Good morning, RVA! It's 54 °F, but highs today will hit a summery 80 °F. Assuming the sun finds its way out from behind the clouds, we’re heading into a top-notch Wednesday.
Richmond Police are reporting three murders in the City—the first in over a month. This past Saturday, officers were called to the 1300 block of Coalter Street and found Malik D. Banks, 21, shot to death. Then, on Monday, police were called to the 1800 block of Southlawn Avenue and found Tijuan D. Davis, 20, and Eric D. Wheless, 21, shot to death in a vehicle. The Richmond Times-Dispatch’s Ali Rockett has a few more details on the double homicide and an update on this year’s statistics. You can always find a list of Richmond’s homicide victims on the RPD’s website.
Yesterday, GRTC had their monthly board meeting which means new and exciting (for me) monthly ridership numbers. Compared to last March, ridership is up almost 25%! Bananas! The Pulse accounted for 175,361 rides, or about 33% of the total system ridership. I think this makes March the 2nd highest ridership month since at least July of 2017 (PDF)?
Tracy Sears at WTVR says Richmond Public Schools is looking to replace 10 principals at the end of the school year. The folks quoted in this article are, perhaps understandably, upset. I think this is a good illustration of the tough, damned-if-they-do-damned-if-they-don’t spot RPS and the Superintendent are in. Opponents of fully funding schools say that the District hasn’t done enough to demonstrate a willingness to make changes, and then, when changes are made, folks say its too much (or the wrong kind of) change. Stressful.
It’s time for Style Weekly’s annual music issue! There are a ton of stories to work through, and I haven’t had the time to do so but am interested in this story about Spacebomb, this one about Natalie Press, and this feature on the RVA Rap Elite series.
What’s up with Virginia’s Medicaid work requirement? Katie O’Connor at the Virginia Mercury knows all about it, but, basically, we’re either waiting on federal approval of Virginia’s program or for federal courts to decide work requirements in general are against the law.
Kind of related: The Commonwealth Institute looks at maternal mortality rates for Black women in Virginia. If you are a pregnant Black woman in Virginia, your chance of dying during pregnancy or within six weeks of the end of pregnancy is 1.9 times higher than the rate for all women. That is awful. TCI looks at a few potential policies to help change those numbers including the aforementioned Medicaid expansion as well as possibly increasing access to doula services.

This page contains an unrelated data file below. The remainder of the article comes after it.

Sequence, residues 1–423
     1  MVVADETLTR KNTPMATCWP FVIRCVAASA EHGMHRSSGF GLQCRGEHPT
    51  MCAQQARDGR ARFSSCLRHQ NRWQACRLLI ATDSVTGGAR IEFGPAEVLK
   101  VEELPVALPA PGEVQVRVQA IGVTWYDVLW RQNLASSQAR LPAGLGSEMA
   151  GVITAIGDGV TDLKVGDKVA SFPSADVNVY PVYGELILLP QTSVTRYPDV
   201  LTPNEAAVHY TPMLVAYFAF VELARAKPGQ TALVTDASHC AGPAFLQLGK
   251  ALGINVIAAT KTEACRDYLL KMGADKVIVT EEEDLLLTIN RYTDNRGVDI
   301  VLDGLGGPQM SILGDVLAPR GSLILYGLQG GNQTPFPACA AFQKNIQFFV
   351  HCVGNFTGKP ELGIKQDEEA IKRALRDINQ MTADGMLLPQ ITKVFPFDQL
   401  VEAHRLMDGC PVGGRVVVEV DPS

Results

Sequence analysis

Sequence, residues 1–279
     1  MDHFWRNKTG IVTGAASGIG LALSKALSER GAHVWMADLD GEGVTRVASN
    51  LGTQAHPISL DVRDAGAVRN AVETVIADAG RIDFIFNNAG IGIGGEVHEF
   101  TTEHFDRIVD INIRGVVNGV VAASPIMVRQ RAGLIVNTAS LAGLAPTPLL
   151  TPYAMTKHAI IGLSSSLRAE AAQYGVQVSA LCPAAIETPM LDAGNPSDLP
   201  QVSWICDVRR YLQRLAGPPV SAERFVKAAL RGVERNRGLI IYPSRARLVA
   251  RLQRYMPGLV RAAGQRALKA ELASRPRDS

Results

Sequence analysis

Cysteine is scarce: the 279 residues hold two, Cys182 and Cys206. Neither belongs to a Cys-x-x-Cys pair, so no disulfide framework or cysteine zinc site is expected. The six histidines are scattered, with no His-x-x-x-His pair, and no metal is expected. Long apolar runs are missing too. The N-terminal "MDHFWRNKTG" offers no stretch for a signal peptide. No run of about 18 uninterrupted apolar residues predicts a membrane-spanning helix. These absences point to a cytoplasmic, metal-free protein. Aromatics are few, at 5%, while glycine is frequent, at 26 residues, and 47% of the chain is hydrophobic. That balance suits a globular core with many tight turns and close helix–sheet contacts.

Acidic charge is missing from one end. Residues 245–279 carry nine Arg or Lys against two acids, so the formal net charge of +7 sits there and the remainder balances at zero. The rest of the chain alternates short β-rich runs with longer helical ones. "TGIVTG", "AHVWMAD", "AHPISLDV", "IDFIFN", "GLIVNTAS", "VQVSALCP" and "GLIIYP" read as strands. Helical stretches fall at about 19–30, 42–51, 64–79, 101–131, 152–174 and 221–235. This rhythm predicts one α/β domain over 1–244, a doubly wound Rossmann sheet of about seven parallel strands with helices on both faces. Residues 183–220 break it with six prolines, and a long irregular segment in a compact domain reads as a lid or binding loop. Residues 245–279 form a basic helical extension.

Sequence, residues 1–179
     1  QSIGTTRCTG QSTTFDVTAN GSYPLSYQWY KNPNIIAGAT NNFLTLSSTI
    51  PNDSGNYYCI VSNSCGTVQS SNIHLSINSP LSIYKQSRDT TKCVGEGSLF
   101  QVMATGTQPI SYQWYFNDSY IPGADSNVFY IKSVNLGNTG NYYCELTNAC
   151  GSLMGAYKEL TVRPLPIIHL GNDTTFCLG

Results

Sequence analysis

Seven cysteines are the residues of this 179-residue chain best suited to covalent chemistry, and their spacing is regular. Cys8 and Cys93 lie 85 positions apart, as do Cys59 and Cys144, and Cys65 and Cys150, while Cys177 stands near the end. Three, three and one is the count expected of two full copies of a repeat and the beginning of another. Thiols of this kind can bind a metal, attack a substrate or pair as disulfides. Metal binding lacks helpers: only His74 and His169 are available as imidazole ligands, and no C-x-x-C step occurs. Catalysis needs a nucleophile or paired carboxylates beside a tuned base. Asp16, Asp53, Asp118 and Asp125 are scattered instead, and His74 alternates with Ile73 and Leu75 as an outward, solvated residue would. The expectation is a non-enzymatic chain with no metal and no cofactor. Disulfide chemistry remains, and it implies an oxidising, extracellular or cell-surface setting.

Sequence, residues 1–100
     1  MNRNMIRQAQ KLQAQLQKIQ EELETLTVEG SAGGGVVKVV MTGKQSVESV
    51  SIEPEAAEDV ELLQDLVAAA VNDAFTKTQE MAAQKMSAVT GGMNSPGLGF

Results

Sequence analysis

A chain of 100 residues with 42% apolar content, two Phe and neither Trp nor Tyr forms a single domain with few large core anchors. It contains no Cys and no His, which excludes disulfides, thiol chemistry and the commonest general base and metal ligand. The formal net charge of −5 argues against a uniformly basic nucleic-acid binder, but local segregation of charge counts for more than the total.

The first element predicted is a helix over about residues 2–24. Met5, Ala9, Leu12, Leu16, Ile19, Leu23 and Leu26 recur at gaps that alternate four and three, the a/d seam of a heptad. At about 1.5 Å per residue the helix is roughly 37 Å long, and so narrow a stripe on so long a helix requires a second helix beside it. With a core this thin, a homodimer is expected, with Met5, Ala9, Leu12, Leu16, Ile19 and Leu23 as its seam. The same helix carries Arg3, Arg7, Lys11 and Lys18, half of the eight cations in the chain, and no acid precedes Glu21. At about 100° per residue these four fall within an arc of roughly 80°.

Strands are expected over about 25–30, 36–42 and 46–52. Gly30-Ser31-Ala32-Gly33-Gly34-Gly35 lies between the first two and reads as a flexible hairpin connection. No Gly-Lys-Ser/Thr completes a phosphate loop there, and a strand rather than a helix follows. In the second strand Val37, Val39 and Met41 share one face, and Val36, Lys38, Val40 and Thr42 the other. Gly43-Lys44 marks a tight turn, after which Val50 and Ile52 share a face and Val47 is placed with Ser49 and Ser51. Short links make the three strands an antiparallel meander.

Mel Leonor at the RTD has a horse-race article about political fundraising at the state level 💸 with an ominous-sounding (for Democrats) title. I wanted to link to it and point to the important bits a bout halfway down: House Democrats, Senate Democrats, and the Democratic Party of Virginia all raised more money than their Republican counterparts during this reporting period. The multiple scandals facing Virginia’s Executive Branch are real, real bad, but don’t let that fact (or a stack of sullen headlines between now and November) convince you to stay at home on Election Day. You can find more detailed campaign finance reports over on VPAP.
Somehow, we’re already in the beginnings of the 2020 presidential election season—even though Virginia’s primary on March 3rd is almost an entire year away. I think I’m going to mostly ignore the pageantry and politics until we get much, much closer to actual 2020, but I did like this bit at the very bottom of a piece about Beto by the RTD’s Patrick Wilson: “At the Norfolk diner, [Beto] inquired about — but did not attempt — the Charlie’s Challenge, something no politician has ever completed. It requires eating a 12-egg omelette with habanero sauce, and eight pancakes.”
This morning's longread
There’s nothing new or shocking in this piece, it’s just a really well-written reminder that we should be thoughtful about how and why we use social media.
What’s more, all this online speech is no longer public in any traditional sense. Sure, Facebook and Twitter sometimes feel like places where masses of people experience things together simultaneously. But in reality, posts are targeted and delivered privately, screen by screen by screen. Today’s phantom public sphere has been fragmented and submerged into billions of individual capillaries. Yes, mass discourse has become far easier for everyone to participate in—but it has simultaneously become a set of private conversations happening behind your back. Behind everyone’s backs. Not to put too fine a point on it, but all of this invalidates much of what we think about free speech—conceptually, legally, and ethically.
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